Liberal maps on how to vote betray few qualms about dealing with the political right, even though One Nation has opposed them in at least one place where it might matter.
With the first postal votes sent out this week, the critical moment arrives for parties to determine their voting card, a much overstated but not entirely insignificant feature of the Australian election campaign. The Liberal Party is the first to emerge from the bloc, whose voting arrangements are set out on the candidates’ pages of its website. These are in most cases symbolic, since Liberal candidate preferences are usually not distributed, but interestingly the Teal Independents were placed last in Warringah, Goldstein and Kooyong, and behind Labor in North Sydney and Curtin (but not Wentworth). More consistently, though not unpredictably, party voting cards put Labor ahead of competing Green candidates.
Liberal Senate tickets have the United Australia Party among the six parties recommended for numbering in every state except (wait for it) Western Australia: Palmer’s party is ranked second in Victoria and Tasmania, third behind the Liberal Democrats in New -South Wales and third behind One Nation in Queensland (the taboo against favoring this party is largely a thing of the past). Pressed about it by The West Australian last month, Scott Morrison said: “I don’t think there will be a deal and it’s certainly not my expectation and it’s certainly not my request.” However, he admitted that it was a “matter for the party organization”, and certainly did not challenge his authority on the matter.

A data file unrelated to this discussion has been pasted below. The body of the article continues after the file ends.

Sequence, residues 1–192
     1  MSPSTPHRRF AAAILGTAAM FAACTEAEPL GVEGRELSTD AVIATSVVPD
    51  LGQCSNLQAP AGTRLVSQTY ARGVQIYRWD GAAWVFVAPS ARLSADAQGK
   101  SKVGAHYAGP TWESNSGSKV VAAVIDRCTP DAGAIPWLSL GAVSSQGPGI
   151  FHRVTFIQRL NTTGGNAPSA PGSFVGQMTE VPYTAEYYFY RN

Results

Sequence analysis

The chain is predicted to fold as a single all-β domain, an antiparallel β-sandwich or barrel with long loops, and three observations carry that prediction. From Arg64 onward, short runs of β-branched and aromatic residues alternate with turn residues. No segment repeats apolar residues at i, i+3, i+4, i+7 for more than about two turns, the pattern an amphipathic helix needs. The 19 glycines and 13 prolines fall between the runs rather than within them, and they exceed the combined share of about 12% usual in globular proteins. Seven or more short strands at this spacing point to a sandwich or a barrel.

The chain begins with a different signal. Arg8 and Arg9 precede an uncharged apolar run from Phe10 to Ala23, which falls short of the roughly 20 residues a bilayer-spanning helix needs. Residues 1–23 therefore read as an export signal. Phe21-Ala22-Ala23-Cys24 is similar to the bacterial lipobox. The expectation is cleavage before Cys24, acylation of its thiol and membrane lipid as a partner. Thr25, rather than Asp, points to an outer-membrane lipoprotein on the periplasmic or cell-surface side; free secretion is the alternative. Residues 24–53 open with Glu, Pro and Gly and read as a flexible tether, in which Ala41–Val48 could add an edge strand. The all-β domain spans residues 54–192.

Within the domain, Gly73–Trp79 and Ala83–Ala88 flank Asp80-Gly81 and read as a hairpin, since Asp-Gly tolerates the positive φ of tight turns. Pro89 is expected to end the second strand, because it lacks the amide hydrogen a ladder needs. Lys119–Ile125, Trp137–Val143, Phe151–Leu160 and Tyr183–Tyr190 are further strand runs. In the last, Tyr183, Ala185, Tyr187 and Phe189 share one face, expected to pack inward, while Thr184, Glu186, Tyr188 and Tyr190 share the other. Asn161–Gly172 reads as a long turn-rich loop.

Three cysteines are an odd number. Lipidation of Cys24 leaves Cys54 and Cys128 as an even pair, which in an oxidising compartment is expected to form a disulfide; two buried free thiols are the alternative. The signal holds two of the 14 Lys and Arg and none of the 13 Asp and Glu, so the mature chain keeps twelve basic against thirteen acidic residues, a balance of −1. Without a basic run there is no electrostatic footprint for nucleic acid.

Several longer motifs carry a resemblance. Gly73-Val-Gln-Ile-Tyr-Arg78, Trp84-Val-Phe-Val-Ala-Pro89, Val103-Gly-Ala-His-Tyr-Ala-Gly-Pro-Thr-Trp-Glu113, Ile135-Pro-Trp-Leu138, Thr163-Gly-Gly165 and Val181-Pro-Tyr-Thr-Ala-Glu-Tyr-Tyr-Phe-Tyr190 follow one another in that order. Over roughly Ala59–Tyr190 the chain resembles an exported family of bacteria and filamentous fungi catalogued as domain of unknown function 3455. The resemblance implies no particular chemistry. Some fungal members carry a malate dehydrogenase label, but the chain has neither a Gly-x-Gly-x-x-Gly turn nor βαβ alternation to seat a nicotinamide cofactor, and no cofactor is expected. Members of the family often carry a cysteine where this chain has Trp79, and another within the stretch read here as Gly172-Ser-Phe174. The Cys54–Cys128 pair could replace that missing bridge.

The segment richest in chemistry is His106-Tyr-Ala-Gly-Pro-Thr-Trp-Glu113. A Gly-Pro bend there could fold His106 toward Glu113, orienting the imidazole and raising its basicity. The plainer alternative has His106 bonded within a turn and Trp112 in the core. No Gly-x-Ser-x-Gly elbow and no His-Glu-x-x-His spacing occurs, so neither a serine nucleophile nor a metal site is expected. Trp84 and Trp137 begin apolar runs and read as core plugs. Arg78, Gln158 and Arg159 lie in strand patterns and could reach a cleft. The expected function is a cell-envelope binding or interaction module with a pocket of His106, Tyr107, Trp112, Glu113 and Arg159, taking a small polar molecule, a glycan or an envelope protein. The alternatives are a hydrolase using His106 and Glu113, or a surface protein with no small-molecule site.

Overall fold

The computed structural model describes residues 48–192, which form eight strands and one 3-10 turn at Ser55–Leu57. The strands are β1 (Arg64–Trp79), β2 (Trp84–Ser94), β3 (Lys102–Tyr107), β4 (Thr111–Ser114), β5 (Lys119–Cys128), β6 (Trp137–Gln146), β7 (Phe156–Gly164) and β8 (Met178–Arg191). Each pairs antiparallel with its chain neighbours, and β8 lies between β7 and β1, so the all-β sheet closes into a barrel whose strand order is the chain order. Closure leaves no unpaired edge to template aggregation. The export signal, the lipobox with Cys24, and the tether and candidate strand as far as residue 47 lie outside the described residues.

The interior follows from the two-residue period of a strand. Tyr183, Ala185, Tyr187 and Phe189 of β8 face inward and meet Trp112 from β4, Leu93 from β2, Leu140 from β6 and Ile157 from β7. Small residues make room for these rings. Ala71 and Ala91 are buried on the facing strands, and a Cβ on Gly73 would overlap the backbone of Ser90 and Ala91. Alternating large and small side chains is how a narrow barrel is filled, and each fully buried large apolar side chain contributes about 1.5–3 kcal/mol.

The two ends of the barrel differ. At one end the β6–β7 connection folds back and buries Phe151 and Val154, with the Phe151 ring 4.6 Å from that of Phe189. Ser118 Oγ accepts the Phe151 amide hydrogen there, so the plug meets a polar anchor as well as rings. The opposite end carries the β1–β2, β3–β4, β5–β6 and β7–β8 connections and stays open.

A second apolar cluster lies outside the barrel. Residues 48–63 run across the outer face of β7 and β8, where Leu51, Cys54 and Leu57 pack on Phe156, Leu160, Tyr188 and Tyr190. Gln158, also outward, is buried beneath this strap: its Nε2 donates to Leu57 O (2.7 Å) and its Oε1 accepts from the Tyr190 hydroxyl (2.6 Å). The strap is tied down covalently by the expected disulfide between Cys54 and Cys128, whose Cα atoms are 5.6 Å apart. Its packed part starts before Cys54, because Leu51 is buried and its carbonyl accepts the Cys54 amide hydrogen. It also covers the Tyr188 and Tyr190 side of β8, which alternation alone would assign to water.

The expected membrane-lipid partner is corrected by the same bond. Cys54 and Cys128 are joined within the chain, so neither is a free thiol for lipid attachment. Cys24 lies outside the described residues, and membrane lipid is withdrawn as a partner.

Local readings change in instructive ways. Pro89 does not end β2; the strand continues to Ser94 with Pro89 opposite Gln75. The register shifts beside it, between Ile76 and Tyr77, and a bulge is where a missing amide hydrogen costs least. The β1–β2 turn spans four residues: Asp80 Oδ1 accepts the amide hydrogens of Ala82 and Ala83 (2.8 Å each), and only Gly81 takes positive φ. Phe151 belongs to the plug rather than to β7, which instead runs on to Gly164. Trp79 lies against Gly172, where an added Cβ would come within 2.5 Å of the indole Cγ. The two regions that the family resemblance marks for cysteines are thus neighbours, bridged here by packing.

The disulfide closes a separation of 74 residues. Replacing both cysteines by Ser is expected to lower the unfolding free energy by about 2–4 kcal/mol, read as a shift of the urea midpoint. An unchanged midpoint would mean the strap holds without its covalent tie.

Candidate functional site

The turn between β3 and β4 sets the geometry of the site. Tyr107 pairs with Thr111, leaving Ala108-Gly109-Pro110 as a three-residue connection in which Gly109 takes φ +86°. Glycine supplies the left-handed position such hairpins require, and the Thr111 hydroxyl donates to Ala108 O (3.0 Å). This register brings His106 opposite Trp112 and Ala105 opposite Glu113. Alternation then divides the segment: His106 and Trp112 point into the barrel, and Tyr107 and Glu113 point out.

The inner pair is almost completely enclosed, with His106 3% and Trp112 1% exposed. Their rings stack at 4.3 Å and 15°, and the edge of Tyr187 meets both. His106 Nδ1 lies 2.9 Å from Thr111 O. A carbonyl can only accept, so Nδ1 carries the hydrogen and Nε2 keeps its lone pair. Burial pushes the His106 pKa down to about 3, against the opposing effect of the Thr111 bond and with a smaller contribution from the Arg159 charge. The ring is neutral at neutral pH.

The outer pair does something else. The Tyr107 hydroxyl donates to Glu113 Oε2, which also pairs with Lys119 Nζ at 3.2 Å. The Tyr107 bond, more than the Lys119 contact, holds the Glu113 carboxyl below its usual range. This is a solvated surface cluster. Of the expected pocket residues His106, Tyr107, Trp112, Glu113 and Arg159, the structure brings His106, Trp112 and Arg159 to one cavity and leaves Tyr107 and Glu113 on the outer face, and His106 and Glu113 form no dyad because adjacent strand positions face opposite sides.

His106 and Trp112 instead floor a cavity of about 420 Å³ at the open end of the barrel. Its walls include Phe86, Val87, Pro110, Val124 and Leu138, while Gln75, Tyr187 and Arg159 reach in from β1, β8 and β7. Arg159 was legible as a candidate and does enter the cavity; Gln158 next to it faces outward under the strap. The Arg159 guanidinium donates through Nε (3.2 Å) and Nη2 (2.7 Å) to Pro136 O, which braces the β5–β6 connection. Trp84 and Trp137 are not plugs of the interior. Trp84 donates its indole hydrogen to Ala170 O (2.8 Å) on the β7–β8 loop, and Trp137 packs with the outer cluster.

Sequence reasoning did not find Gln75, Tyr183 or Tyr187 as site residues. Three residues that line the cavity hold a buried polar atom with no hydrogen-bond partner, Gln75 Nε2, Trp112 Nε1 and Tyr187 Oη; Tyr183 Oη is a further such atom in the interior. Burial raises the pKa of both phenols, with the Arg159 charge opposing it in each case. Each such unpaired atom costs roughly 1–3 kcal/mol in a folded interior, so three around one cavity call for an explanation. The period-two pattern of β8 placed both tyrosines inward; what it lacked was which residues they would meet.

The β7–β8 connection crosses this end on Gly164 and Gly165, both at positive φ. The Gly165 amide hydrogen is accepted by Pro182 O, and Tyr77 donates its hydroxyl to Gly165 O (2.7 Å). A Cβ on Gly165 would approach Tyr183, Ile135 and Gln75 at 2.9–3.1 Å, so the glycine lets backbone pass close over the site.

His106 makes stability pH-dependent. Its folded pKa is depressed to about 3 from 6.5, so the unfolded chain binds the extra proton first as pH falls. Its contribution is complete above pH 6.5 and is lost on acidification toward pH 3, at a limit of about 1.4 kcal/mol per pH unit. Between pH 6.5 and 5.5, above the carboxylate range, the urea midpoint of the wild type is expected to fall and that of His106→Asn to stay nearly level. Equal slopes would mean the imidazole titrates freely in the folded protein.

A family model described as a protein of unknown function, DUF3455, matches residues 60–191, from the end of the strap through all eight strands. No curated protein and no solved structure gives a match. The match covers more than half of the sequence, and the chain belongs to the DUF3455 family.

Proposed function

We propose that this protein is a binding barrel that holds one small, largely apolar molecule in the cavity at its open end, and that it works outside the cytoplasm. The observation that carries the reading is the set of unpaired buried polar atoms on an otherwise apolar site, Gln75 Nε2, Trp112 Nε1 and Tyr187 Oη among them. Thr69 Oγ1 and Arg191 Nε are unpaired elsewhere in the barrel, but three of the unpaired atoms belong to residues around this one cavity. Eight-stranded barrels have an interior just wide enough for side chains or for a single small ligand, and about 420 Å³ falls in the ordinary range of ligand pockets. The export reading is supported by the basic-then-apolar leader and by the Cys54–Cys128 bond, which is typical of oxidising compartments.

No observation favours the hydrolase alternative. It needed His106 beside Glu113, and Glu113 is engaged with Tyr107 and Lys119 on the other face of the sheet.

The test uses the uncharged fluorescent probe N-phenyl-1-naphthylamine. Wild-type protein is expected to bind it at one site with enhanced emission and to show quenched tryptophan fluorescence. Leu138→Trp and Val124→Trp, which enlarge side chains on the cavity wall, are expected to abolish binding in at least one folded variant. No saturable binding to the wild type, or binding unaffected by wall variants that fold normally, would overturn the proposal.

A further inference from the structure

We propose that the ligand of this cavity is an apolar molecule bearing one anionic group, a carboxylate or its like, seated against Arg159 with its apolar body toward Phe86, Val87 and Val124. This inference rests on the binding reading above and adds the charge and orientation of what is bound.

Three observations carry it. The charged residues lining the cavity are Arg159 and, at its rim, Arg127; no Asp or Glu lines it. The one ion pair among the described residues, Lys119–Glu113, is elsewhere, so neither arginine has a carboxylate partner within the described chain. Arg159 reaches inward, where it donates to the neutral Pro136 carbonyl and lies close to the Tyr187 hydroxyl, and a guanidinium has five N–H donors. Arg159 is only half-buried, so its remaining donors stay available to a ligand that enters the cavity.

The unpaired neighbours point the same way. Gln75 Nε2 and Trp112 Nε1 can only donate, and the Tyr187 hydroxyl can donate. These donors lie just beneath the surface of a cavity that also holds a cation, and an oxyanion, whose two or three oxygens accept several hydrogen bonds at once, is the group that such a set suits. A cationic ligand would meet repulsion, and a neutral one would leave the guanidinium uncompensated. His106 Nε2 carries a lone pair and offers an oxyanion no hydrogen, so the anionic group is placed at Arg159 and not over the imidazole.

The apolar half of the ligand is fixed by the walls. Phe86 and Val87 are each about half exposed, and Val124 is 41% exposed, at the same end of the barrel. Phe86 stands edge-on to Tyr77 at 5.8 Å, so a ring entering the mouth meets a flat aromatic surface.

The party’s Queensland ticket provides a useful boost to Pauline Hanson, putting her ahead of Clive Palmer at number three and Campbell Newman at number four. Nonetheless, One Nation directs preferences to Labor ahead of the National Liberal Party in Longman, which helped tip the outcome in favor of Labor when the party last won the seat in 2016. conversely, preferences are directed towards Warren Entsch in Leichhardt, contrary to suggestions. he would be among a number of Liberal moderates targeted over a sixth placement on the Liberals’ Tasmanian ticket. These turned out to be Bridget Archer in Bass, James Stewart in Sturt, Tim Wilson in Goldstein and Trent Zimmerman in North Sydney, with only the former appearing to be a seat where the party is likely to attract much support. It is unclear from the media whether the Teal Independents are ahead of the Liberals in Goldstein and North Sydney.